“I
like Southern hospitality,” the Rev. Dawn Flynn says on camera. “I like the
laid-back attitude of the South.”

She
sits in the front of her Gastonia church, New Life MCC, red carpet covering the
floor and a pulpit in the background. She pauses, the cross around her neck
shifting slightly.

“Granted,
it’s not a place where I would want to wear a tag around my neck saying, ‘I’m
transgender,’ because it would be asking for people to kill me.”

Flynn,
along with three other current and former North Carolinian clergy members
gathered in the Byrum Welcome Center on Wake Forest University’s campus on Oct.
3 for a screening of Proper Pronouns.

The
in-progress documentary opened the OUT at the Movies International LGBT Film
Fest in Winston-Salem, kicking off the series of 27 films with a focus on
transgender clergy members.

“There’s
only approximately 30 ordained trans clergy in the country,” Flynn told Triad
City Beat
.

The
group caught the attention of director Meg Daniels, a cisgender woman, during
her time in the Documentary Film MFA program at Wake, while in the company of
Liam Hooper, one of the first transgender men to graduate from the university’s
divinity school. While filming, Hooper worked as a minister, and has since
converted to Judaism.

The
camera pans over the cobblestone paths and wooden bridge near Old Salem in
Winston-Salem. A church with white-slatted walls holds a small, somber
congregation. Tealight candles flicker as Hooper looks over the group. He reads
from a stack of paper, rather than a verse or a book.

“I
am going to read the names of the trans people who have been murdered, today,”
he says.

Each
name he reads receives an echo, an affirmation from the people in the pews.
Each person walks forward and leaves a small glass bead in a jar, with a wish
or a short prayer.

The four subjects of ‘Proper Pronouns’ gather for a prayer. (Courtesy Photo)

Many of the subjects found the filming of their experiences asked them to be vulnerable. For Pastor Mykal Shannon of Dynamic Faith Ministries in Asheboro, the film allowed a chance to further his goals in raising awareness about LGBT lives in the church. He sees ministry as a chance to not only preach non-denominational Christianity, but to address the causes of the issues people pray about with his own actions.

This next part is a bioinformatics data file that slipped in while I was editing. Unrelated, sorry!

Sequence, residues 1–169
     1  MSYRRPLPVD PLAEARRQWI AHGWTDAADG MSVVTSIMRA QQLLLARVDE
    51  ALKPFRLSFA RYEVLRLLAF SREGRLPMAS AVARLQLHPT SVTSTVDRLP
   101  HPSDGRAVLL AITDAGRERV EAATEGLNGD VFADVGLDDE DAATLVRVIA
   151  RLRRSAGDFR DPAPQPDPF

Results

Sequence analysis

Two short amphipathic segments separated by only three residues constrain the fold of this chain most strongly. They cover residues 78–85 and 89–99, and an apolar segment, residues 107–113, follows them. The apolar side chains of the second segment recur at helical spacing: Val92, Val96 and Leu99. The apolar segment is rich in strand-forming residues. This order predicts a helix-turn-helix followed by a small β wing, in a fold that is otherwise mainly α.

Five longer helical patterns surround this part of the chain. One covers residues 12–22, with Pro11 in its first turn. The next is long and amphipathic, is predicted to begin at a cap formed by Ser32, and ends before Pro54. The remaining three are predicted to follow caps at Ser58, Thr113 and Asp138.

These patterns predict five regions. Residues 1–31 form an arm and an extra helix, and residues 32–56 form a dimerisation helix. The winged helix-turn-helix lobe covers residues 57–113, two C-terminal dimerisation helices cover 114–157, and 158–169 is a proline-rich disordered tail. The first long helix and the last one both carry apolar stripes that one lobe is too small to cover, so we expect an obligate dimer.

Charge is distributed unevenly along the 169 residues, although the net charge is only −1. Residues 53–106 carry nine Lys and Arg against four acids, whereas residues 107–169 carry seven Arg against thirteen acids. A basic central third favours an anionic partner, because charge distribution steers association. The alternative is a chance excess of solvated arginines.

“How
else to be more authentic and transparent than to be in a film?” he said to TCB.

On
screen, he marches on a city street among a sea of people. Off on a sidewalk,
counter-protesters shout, armed with accusations of sin and signs that read,
“America’s Judgement is coming,” in bold letters. Yet, Shannon and others walk
past, unperturbed.

He
makes his way up onto a stage at the end of the road, the crowd falling silent.

“I
am a black man, in a transgender body, in the Bible Belt with a pulpit as a
platform,” he asserts. “And I intend to take a stand.”

The
Rev. Debra J. Hopkins insists that the experiences they offer up must be
acknowledged as being affected by all facets of their identities, including
race.

“I’ve
always believed in our story being told accurately,” Hopkins said to TCB.
“Those voices needed to be heard.”

The
leader of Essentials for Life Ministries in Charlotte, Hopkins gives sermons
and runs There’s Still Hope, a nonprofit that provides resources and emergency
shelter to homeless transgender people.

“We’re
all cut from the same cloth,” Hopkins said.

The
camera follows Hopkins around her home. She leads the crew into her room and
pauses by the closet door. Swinging it open, the hooks on the door can be seen,
robes hanging from it. The reverend rifles through the clothes, searching for a
particular item. She finds it, raising her hand with the hanger in it up high,
and showing off the stole and collar with her free hand.

“That’s
the robe,” she says, grinning. “I’m proud of this robe.”

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